- A genetic recombination between SARS-CoV-2 and a human betacoronavirus (such as OC43). This could modify the pathogenesis; therefore, the virus’ evolution must be monitored by performing sequencing.
- Reverse zoonosis starting in farm-raised animals (for example, cases of infected golden hamsters in Hong Kong, minks in Europe, deer in North America, pets, animals in zoos, etc.). “When the virus spills back from humans to animals, it recovers an evolutionary capacity that we must be extremely vigilant about. If this virus goes back to humans, that can end up creating a new root like the one that emerged in 2019,” the virologist noted.
Regarding the necessity of adapting vaccines to a virus that has become endemic or seasonal, Lina stressed that we didn’t know how frequently the vaccines would have to be modified, because “we don’t know the evolutionary dynamic of tomorrow’s virus.” Should it perhaps be on a seasonal basis, as in the case of the flu, or should we instead go by the evolution of the aforementioned OC43 virus, which had been mainly driven by immune escape and which took about 10 years? “For SARS-CoV-2, I don’t know which carries more weight: the evolutionary capacity in terms of fitness or the evolution induced by immune pressure.” In summary, it’s impossible to say for now whether vaccines will have to be adapted every year or adapted at some longer interval.
The Epidemiologist’s View
In her comments about short-term prospects, Vittoria Colizza, PhD, epidemiologist and research director at the Pierre Louis Institute of Epidemiology and Public Health (French National Institute of Health and Medical Research [INSERM]/Sorbonne University), noted Omicron’s rapid waning — a decrease that could speed up with the upcoming school breaks and the arrival of spring.
However, Colizza warned about the presence of the variant BA.2, which seems to spread more quickly. Still, whether it has an increased ability to transmit and/or a greater capacity to reinfect is unknown. Also, the first available data suggest that this variant is slightly better able to evade the immunity acquired against the previous variants, such as Delta and Alpha.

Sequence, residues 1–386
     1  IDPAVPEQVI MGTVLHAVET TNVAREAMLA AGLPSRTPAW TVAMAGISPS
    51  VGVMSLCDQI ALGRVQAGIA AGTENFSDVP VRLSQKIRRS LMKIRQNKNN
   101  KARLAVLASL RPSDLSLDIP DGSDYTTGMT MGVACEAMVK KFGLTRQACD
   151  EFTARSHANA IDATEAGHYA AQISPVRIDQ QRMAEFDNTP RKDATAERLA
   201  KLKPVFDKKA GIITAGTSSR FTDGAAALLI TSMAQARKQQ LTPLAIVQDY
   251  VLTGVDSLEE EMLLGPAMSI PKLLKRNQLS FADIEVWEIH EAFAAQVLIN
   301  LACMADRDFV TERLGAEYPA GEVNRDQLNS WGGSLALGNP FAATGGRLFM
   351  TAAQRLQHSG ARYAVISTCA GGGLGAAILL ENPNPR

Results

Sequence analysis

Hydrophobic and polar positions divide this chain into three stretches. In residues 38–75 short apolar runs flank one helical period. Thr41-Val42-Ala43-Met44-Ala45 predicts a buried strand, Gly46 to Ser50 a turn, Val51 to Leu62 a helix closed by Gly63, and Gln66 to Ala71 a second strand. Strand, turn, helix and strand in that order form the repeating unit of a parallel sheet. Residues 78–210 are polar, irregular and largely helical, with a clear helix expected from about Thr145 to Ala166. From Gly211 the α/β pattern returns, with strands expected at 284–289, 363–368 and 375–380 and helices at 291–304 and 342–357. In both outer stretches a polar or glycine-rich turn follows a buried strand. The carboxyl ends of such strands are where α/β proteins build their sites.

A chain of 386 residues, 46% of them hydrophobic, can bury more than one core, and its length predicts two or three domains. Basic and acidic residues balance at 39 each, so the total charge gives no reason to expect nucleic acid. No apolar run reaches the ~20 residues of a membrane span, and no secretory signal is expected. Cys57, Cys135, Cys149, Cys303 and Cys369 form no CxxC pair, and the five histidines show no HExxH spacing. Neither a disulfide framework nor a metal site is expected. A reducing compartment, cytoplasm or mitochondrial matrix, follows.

In Colizza’s opinion, two scenarios are more plausible for the longer term. The first is the emergence of new variants. “All the same, we have, in the rest of the world, an incidence that remains very high. Well, high incidence means that there’s a greater probability of having mutations that could become dominant.”
The second scenario is endemicity, like the kind one sees with the flu or other common illnesses. “One probable scenario is that once a certain number of layers of [natural or acquired] immunity have been built up, these layers will provide quite broad protection to the population.” But we don’t know how much time will be needed to get there. “We shouldn’t think that it’s going to be a 100-meter dash on a really well-lit track. Instead, it’s going to be more like a trail run with several obstacles along the path and a certain number of possible epidemic resurgences,” she explained.
She then moved on to the topic of anticipating waves of infection. “To date, vaccination campaigns have been running after the variants. Now, we’re expecting the viruses to be seasonal. This will allow vaccination campaigns to be scheduled. We must think ahead,” she concluded.
Créditos: Comité científico Covid